photo of researcher working in lab

Berkeley Lab researchers have access to an array of specialized facilities for advancing battery innovation. (Credit: Marilyn Sargent/Berkeley Lab)

Berkeley Lab has been awarded more than $13 million for five research projects that will accelerate the development of advanced lithium batteries and smart, connected vehicles, making it easier to switch to electric vehicles.

The awards were announced by the Department of Energy and are part of a total of $209 million in battery research projects selected by DOE’s Vehicle Technologies Office. The funding to Berkeley Lab is for a five-year period. Three of the five Berkeley Lab projects are to develop solid state lithium batteries, which have the potential to be safer and have much higher energy density than conventional lithium-ion batteries.

“This is very promising. It’s an enormously important path for the energy storage industry because solid state batteries are both safer – they don’t have highly flammable liquid electrolytes, like today’s lithium-ion batteries do – and will lead to higher energy density,” said Berkeley Lab battery scientist Gerbrand Ceder, the lead scientist on one of the projects. “With conventional lithium-ion batteries we don’t have much of a path left to higher energy density because it’s already almost fully optimized.”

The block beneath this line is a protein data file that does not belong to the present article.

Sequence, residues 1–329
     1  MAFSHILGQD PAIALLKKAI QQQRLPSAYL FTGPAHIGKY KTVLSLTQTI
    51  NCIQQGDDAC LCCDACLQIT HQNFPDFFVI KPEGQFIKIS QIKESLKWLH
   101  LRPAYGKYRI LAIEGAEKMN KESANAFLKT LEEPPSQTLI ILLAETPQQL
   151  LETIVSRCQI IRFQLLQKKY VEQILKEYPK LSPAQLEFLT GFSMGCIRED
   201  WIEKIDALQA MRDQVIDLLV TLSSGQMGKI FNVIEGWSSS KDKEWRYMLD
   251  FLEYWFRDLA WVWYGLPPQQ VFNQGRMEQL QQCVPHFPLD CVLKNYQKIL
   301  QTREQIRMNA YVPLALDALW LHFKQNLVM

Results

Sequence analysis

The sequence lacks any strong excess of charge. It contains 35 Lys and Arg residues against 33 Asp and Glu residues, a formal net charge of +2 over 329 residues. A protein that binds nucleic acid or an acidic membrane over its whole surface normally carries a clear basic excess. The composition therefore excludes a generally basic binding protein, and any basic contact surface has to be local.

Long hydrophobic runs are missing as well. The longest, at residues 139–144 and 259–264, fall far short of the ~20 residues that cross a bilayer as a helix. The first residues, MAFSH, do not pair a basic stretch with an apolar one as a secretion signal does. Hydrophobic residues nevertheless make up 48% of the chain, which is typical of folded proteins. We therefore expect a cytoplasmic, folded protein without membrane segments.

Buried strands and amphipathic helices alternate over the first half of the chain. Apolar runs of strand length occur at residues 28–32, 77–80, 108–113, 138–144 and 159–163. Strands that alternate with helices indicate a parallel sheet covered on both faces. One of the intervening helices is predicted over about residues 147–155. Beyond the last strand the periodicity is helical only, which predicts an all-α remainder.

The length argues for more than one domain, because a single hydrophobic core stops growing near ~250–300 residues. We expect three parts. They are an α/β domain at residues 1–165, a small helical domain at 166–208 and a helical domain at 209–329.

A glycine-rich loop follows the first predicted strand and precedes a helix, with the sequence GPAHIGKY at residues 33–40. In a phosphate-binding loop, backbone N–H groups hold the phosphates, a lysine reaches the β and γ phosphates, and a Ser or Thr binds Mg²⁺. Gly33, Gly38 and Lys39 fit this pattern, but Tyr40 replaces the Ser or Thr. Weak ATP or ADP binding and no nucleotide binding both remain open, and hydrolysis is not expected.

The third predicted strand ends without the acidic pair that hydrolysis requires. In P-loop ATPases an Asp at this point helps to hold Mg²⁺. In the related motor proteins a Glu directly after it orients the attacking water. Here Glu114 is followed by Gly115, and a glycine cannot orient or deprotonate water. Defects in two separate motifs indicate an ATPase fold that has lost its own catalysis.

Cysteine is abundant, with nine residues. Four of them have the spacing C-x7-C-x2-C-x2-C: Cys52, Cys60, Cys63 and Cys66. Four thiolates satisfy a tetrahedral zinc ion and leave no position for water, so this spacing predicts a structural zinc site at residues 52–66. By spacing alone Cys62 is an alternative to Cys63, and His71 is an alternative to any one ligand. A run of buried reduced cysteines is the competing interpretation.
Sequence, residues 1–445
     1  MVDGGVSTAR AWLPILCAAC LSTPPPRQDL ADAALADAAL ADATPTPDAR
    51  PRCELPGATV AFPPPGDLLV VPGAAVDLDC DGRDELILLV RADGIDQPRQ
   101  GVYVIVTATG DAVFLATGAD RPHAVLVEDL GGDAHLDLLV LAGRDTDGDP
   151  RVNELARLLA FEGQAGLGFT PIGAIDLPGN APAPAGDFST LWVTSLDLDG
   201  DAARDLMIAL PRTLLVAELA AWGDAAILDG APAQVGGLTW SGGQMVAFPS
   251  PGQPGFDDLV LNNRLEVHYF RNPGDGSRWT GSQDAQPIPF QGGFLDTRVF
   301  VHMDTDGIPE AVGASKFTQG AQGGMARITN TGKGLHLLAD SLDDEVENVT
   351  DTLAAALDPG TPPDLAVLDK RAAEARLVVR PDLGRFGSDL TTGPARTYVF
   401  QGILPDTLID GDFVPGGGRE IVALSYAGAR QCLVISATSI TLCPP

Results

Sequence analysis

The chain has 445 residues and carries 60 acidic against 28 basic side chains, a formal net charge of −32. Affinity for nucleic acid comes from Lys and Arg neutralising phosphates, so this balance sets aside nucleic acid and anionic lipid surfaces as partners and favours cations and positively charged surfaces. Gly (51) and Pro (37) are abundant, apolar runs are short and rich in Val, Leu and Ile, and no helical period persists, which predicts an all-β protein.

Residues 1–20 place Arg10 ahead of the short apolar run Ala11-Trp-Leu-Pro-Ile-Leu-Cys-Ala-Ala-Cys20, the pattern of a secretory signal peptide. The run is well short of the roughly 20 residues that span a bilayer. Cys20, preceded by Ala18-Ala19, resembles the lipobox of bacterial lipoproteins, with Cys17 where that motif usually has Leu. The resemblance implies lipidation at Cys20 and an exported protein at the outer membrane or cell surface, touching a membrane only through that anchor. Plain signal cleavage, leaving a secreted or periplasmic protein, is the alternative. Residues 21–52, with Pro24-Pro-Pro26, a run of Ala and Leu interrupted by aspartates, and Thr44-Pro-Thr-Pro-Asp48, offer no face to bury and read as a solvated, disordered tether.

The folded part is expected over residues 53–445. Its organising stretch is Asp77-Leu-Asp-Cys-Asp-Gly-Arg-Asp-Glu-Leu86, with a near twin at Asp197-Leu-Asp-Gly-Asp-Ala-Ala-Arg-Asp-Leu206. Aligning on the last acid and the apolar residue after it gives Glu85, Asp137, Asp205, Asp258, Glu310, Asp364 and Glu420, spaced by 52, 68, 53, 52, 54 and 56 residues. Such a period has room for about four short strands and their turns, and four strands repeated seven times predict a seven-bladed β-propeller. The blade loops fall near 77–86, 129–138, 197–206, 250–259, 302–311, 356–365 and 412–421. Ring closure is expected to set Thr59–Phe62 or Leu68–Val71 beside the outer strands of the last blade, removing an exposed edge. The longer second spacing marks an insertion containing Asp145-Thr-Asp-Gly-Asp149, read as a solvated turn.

With the new funding Berkeley Lab scientists will investigate better and longer-lasting electrolytes for solid state batteries and new ways to manufacture them. “Making solid state batteries is considerably different from the way lithium-ion batteries are made today,” Ceder said.

The other two projects focus on rapid charging and optimizing cooperative driving automation. “This funding will continue our groundbreaking research on cooperative driving, which develops automated vehicle technologies and operational strategies to minimize energy use and decrease traffic congestion on our roadways,” said Tom Kirchstetter, director of Berkeley Lab’s Energy Analysis & Environmental Impacts Division.

DOE has a goal of achieving extreme fast charging, allowing vehicle batteries to be fully charged in less than 15 minutes to be competitive with fossil fuel-powered vehicles. It also has a goal of streamlining cooperative vehicle-to-vehicle communications and controls that reduce the overall energy use and emissions in transportation. 

“It’s exciting to see our 100-plus energy storage researchers driving the science and technology of energy storage forward, in partnership with DOE,” said Noel Bakhtian, executive director of Berkeley Lab’s Energy Storage Center. “To catalyze solutions and partnerships around specific challenges to America’s energy storage future we’re convening a national summit on energy storage next March. Our goal for the summit is to connect national and regional thought leaders across industry, government, communities, and the research enterprise on topics from the lithium supply chain to the rapid timeline for deployment needed to reach a clean energy future.”

The National Energy Storage Summit, Jumpstarting America’s Energy Storage Future, will be open to the public and take place March 8-9, 2022.